There is also a Spring Test DbUnit that integrates the Spring Test framework with DbUnit and a Spring Test MVC HtmlUnit, which integrates the Spring Test MVC framework with HtmlUnit.

By using these tools you can easily test your Spring MVC application in an automated way.

If you want to learn more about how to test Spring applications, I suggest you take a look at the Testing Spring Boot: Beginner to Guru course by John S Thompson on Udemy.

9. DBUnit

A database is an integral part of many Java applications, both core Java and web applications, and probably the biggest obstacle while doing unit testing.

It's not reliable to connect to Dev or UAT databases for integration tests because anyone can change the data and schema, like tables and stored procedures, and that will cause your automated integration tests to fail.

DbUnit is a JUnit extension that can be used to initialize the database into a known state before each integration test to ensure that the database contains the correct data.

DbUnit has its own issues, but it is a very useful tool because it helps us to separate the test data creation from the tested code.

10. Robot Framework

The Robot Framework is a Python-based generic test automation framework for acceptance testing and acceptance test-driven development.

It is a keyword-driven testing framework that uses tabular test data syntax. You can use it to test distributed, heterogeneous applications, where verification requires touching several technologies and interfaces.

If you decide to learn this wonderful framework for the integration test, then Udemy's Robot Framework Test Automationis a great resource to start with.

It's a two-part course which covers the basic and advanced features of the Robot framework.Btw, I will get paid if you buy any of the course mentioned here.

Conclusion

That's all about some of the essential unit testing and integration testing tools, frameworks, and libraries for Java developers.

There are many more libraries that I have not included in this list, like AssertJ and Hamcrest, which can help you to write beautiful and fluent tests --- but take things slowly.

To start with, learn a tool or library that you can use in your day-to-day work. For example, if you are working with Java UIs, then you should first learn Selenium because then you can focus on this tool more.

Similarly, if you are working on REST APIs then learn REST Assured (See REST with Spring). If you are doing a lot of core Java work, then JUnit 5 is probably the first library you should look at.

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Closing Notes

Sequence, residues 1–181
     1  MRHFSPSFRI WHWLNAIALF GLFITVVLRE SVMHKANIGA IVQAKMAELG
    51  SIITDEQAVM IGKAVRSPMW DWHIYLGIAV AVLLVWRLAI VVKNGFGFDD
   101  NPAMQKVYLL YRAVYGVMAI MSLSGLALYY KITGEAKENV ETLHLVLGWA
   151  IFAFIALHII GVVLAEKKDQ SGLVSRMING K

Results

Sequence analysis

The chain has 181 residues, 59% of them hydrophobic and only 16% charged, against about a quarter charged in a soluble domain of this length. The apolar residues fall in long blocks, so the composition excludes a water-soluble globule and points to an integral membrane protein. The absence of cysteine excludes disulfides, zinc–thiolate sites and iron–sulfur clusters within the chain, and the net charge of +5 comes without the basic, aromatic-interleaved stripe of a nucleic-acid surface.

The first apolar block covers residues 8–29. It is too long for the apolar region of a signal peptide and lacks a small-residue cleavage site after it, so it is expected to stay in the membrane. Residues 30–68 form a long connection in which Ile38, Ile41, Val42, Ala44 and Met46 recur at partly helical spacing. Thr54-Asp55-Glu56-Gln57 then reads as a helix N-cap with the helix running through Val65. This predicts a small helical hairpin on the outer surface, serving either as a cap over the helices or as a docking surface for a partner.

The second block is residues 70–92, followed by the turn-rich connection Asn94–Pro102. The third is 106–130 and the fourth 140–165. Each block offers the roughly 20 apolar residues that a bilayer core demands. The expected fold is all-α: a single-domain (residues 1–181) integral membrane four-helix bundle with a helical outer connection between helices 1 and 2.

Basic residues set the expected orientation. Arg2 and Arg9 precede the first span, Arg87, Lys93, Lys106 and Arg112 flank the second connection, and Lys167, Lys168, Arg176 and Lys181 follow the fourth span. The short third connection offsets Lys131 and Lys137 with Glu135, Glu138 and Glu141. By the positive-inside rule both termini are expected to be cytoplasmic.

Thanks, You made it to the end of the article ... Good luck with your testing journey! It's certainly not going to be easy, but by following this guide and framework, you are one step closer to becoming a professional programmer you always wanted to be.

If you like this article, then please share with your friends and colleagues, and don't forget to follow javinpaul on Twitter!

P.S. --- If you just want to start with JUnit and Mockito, I think the JUnit and Mockito crash course is the best one to start with.

Posted on Jan 1 by:

javinpaul profile

javinpaul

@javinpaul

Java Programmer and blogger

Discussion

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Hi, good list of useful tools. One thing you seem to have missed is AssertJ as an alternative assertion library. It’s fluent API is much more readable and versatile than the standard JUnit assertions. I also think it ships as a transitive dependency with spring testing. So you just need to static import the right methods. I’ve never looked back. 😊

 

Thanks for suggestion, is it better than Hamcrest? another similar library which provides fluent assertion methods to read your test like English.

 

Hey, no, Hamcrest is a Matcher Library, AssertJ is an assertion Library, that actually supports Hamcrest matchers and I’m using them as well. It’s a bit complicated... 🤪

Ah I see, I am sure going to try that on my unit tests now. How about mocking, do you use Mockito or PowerMock? I am a big mockito fan but I always stuck with mocking static fields like Logger in some Java classes.

Definitely Mockito. If you need to use PowerMock you’re probably doing something wrong. Why would you ever need to mock the logger?

 

Great article! 👍

You may also want to check out recheck-web (disclaimer: I'm a contributor). It is a library for Golden Master Testing of web apps, respectively, their UIs, which replaces traditional assertions.

(Also happy to get your feedback.)

 

Nice one @daniel , will take a look, does it complements Selenium or alternative of that?

 

It complements Selenium in terms of assertions and locators. Oh, and did I mention it is open source? 😊

That's awesome, it's now on my TODO list to check :-) Once again thanks for suggesting it.

 

From what little I've seen, the executable Cumcumber/Gherkin style API testing specifications of the Karate testing framework (by Intuit, of 'Quickbooks' fame) look amazing, actually. Quoting them:

If you are familiar with Cucumber / Gherkin, the big difference here is that you don’t need to write extra “glue” code or Java “step definitions” !

The idea is, you use a VERY extended Gherkin syntax (Given-When-Then) specification definition to avoid having to write test code (although Karate does integrate with JUnit, so as to be runnable from an IDE etc.). This means that non-programmers and product owners can concretely define JSON/XML-based payloads, specify endpoint URL's, HTTP verbs and write test validation matchers, again interrogating JSON/XML/etc. return types, all from the specification script, thus:

Feature: simple example of a karate test => https://github.com/intuit/karate/blob/master/karate-netty/src/test/java/com/intuit/karate/mock/hello-world.feature

Background:
# to test that expressions also work for the method keyword
* def postMethod = 'post'
* def getMethod = 'get'

Scenario: create and retrieve a cat

Given url mockServerUrl + 'cats'
And request { name: 'Billie' }
When method postMethod
Then status 201
And match response == { id: '#ignore', name: 'Billie' }
# And assert responseTime < 1000

Given path response.id
When method getMethod
Then status 200
 

Nice collection of testing tools!

May I suggest an addition to your list?

You might want to take a look at Citrus, an integration testing framework for various message protocols and data formats.
It supports HTTP REST, JMS, Kafka, SOAP, FTP, SSH, XML, JSON and much more, so it's possible to test you application / microservice fully isolated!

 

Thank you @Simon Hofmann, I'll sure take a look, looks intereting :-)

 

Nice article! Thank you very much for the good test info!

 

your welcome @bob , thanks for your comment.